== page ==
Cormac Ó Braonáin
Born: August 20th, 2000
Died: December 15th, 2019
Cormac truly was an exceptional person. I have been involved with Labour for just over a year but I hadn’t met Cormac until I started in UCD this year. Although I hadn’t actually been introduced to Cormac, his reputation preceded him. I had heard all about this young fresher who had resurrected UCD Labour and was running essentially a one man show, and excelling at it too. All of this hype around him had actually led me to feel slightly intimidated when accepting to help him run the UCD Labour stall during Freshers Week. However, I was instantly put at ease by his cheeky grin and friendly aura.
As our friendship strengthened over the coming months I was really taken aback by Cormac’s character. Cormac always squeezed the most out of his day, going so far as to skip meals and sacrifice sleep, but he always made everyone feel as though he had all the time in the world to spend time with them. I suppose this has been proven by the overwhelming attendance at his funeral. Even social media has been flooded with the love people had for Cormac. He was an integral part to so many communities; UCD, Colaiste Eoin, Scouts, Labour and Labour Youth, his family, and many more.
Cormac was certainly one of the most important parts of my life. Over our friendship Cormac and I discovered how scarily similar we were. From having the exact same Myers Briggs personality type to our love of Lorde’s “Sober II”. When a group of friends and I were exchanging stories about Cormac I shared one of the most bizarre moments of our friendship. At the end of November I was in the midst of a horrific cold that had shut me off from society for at least 3 days and texting Cormac was the only form of human contact I had. I woke up from one of my death naps and the first notification I clicked into on my phone was an email from Cormac which simply said; “Dear Katie, I wish to inform you that you have been cancelled. Get well soon, Cormac xx”. I have never been more confused yet amused by an email in my life.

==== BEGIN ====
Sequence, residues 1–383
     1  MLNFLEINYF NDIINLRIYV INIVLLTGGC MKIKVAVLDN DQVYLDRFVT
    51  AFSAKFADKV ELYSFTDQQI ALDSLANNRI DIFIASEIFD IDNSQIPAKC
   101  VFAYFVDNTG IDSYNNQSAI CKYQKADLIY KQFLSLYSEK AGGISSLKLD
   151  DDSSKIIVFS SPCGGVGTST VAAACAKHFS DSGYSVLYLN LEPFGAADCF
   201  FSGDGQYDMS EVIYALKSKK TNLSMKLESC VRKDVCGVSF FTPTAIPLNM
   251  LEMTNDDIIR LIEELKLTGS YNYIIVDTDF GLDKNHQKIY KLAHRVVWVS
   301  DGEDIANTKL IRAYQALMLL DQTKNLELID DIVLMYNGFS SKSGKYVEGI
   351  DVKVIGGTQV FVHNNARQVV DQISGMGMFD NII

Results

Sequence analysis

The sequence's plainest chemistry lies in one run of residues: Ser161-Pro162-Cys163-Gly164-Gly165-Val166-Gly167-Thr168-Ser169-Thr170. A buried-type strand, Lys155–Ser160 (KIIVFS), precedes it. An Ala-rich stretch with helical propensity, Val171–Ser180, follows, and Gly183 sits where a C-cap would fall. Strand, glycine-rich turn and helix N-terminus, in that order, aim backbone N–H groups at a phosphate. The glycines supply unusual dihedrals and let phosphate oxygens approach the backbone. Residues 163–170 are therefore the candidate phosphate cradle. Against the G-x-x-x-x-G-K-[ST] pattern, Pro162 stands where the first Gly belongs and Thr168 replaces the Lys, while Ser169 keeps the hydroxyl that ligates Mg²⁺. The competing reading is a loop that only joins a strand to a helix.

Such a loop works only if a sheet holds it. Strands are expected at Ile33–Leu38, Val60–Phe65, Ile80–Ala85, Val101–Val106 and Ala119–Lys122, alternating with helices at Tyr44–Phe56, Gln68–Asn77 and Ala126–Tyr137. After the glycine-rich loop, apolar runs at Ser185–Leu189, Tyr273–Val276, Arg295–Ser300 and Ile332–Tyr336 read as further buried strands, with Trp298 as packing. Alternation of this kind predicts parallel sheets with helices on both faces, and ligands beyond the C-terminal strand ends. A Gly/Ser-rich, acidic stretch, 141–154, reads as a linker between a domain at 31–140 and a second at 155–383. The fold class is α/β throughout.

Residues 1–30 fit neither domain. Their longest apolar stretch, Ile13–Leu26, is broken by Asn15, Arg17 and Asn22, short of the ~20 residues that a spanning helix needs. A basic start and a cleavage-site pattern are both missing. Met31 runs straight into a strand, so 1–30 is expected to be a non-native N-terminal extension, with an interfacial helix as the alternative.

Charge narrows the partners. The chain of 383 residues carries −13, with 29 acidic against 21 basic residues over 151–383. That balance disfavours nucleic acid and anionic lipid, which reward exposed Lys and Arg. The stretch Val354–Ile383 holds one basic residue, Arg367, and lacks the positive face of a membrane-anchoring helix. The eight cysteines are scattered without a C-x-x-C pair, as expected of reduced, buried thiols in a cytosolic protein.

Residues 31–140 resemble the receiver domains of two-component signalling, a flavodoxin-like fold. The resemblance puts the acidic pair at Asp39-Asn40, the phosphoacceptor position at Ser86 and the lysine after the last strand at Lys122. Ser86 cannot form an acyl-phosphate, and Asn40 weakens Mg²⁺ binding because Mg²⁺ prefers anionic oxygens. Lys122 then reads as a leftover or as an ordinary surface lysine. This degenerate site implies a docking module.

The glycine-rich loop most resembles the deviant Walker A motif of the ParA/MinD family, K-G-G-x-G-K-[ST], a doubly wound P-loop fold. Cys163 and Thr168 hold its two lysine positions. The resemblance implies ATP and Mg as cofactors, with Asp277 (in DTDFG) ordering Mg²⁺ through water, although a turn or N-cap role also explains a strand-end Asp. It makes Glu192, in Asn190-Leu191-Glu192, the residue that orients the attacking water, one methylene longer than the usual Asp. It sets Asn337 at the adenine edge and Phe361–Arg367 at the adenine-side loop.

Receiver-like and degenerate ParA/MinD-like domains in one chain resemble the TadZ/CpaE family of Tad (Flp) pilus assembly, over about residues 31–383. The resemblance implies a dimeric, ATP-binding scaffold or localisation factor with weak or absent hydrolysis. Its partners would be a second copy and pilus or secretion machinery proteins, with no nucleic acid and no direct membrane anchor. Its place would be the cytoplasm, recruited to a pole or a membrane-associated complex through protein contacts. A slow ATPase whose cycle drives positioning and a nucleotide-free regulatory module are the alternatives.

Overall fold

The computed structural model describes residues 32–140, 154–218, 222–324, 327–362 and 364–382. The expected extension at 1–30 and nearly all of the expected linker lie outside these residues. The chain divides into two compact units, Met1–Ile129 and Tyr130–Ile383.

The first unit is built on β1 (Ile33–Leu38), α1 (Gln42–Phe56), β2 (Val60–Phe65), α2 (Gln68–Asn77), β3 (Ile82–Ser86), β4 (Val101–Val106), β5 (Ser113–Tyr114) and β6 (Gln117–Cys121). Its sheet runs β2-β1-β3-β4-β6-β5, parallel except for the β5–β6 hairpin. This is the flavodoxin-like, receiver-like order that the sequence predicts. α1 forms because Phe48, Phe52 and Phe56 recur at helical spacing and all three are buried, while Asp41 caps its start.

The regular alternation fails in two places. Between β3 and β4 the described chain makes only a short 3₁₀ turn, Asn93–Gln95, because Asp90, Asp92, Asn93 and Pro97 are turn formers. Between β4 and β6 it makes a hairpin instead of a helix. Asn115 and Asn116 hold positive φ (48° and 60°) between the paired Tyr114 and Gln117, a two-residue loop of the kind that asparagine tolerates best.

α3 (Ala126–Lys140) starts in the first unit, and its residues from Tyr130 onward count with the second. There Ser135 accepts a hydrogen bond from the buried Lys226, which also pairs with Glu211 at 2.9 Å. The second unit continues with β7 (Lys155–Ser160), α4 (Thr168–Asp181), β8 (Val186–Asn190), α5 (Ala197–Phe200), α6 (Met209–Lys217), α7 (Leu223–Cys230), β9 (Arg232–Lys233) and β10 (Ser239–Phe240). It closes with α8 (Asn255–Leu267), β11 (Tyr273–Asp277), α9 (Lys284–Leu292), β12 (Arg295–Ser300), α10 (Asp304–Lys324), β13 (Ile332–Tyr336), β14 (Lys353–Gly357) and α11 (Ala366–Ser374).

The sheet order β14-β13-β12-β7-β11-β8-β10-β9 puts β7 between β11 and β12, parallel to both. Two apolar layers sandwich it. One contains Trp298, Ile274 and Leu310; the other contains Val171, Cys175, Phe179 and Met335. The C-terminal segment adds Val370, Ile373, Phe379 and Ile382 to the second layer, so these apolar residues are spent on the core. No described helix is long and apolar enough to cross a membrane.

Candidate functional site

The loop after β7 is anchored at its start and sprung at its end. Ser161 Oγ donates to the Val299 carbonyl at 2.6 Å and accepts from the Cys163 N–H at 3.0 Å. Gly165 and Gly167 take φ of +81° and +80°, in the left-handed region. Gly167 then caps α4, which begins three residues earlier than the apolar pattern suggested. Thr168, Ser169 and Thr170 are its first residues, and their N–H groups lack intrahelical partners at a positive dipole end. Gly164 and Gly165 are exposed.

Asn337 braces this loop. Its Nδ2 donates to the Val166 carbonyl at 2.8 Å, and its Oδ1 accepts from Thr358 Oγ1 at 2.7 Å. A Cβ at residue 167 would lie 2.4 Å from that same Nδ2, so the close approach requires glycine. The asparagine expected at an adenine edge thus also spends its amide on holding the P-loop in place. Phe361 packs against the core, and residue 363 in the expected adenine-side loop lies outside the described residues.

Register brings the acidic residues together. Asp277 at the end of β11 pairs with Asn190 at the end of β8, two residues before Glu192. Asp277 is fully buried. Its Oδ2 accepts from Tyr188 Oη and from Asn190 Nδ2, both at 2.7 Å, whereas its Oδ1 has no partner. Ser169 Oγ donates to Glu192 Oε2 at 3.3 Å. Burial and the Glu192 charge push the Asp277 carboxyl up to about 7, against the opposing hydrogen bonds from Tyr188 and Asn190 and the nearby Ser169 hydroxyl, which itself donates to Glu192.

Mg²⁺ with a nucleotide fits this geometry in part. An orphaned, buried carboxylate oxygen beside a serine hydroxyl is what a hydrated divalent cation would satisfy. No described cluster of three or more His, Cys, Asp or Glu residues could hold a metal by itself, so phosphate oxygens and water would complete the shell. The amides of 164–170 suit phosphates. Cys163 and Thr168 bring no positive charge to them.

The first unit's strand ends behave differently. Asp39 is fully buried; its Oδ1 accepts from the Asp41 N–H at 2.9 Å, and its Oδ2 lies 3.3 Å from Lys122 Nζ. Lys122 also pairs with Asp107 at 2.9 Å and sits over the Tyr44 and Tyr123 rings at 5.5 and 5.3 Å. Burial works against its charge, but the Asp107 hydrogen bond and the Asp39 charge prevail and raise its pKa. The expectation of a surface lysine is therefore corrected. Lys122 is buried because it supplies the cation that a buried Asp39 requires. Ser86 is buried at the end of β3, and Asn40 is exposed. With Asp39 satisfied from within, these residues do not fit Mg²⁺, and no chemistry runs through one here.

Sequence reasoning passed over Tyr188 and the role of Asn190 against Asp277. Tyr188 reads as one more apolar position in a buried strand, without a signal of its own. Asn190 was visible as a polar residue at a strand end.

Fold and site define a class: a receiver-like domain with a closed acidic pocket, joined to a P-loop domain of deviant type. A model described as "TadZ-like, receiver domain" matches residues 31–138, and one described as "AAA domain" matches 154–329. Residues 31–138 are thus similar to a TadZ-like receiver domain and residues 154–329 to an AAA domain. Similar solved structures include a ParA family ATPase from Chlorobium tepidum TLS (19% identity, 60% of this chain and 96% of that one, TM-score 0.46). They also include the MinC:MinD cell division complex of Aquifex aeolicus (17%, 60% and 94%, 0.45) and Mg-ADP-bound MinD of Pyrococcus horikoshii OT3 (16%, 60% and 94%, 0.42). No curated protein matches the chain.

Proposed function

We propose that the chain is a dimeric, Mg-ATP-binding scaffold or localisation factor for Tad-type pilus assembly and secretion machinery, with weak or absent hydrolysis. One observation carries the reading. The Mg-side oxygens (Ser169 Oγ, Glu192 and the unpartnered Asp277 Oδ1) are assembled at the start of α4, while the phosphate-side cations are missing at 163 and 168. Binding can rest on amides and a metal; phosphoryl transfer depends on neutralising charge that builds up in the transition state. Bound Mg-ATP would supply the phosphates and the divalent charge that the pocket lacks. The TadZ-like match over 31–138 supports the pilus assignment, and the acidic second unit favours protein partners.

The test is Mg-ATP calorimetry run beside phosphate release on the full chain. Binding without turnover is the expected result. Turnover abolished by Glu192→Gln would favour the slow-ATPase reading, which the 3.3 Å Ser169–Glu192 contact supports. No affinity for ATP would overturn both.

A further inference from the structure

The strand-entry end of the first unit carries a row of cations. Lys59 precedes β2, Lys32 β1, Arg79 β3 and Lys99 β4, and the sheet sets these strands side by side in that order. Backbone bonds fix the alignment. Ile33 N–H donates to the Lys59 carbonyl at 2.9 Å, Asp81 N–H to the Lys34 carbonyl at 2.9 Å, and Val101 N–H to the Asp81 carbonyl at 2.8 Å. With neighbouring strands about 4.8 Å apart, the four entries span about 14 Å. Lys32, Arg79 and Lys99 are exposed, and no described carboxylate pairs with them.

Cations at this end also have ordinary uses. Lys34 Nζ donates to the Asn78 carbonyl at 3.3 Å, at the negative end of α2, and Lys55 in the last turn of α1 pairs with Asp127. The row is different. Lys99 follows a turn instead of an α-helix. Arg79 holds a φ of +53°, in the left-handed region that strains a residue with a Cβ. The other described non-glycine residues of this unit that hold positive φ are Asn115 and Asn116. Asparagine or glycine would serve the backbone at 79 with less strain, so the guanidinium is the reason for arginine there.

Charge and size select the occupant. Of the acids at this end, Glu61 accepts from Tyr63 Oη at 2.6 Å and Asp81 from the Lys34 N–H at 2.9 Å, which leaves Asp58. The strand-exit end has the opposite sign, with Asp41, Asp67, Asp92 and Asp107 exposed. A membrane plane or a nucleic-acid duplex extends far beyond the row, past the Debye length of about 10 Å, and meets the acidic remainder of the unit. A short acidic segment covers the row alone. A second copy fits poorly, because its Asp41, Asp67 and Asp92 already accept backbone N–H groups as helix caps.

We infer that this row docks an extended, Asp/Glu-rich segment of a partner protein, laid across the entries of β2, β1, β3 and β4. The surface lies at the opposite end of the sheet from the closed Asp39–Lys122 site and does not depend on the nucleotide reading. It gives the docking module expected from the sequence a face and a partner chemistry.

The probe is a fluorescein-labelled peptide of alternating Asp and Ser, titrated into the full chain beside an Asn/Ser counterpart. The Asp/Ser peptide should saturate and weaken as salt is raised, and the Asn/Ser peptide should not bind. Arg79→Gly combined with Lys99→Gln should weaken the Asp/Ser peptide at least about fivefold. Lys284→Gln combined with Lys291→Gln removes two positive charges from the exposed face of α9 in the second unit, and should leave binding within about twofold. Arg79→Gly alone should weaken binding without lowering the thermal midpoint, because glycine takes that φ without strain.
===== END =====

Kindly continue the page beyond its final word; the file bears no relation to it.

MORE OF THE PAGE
Within Labour Youth, Cormac was one of the most respected members. When joining UCD Cormac found that UCD Labour was in slight disarray and had no choice other than to set out helping to regrow the society. Being an Auditor of a society while you are in first year is quite the accomplishment, but while doing that as well as managing a successful local election campaign for Mary Freehill at 18 is extraordinary. Cormac’s attendance at rallies and protests was second to none. Cormac would always be front and centre either raising the labour flag high or leading chants over his (own personal) megaphone. Cormac was far greater than just a comrade to the members of Labour Youth; he was a friend.
I can only speak from a personal perspective, but I presume it’s the same for many others that my life now holds a massive Cormac-shaped hole. Cormac’s death is not just a loss to UCD, it’s a loss to Irish society.
Chairperson UCD Labour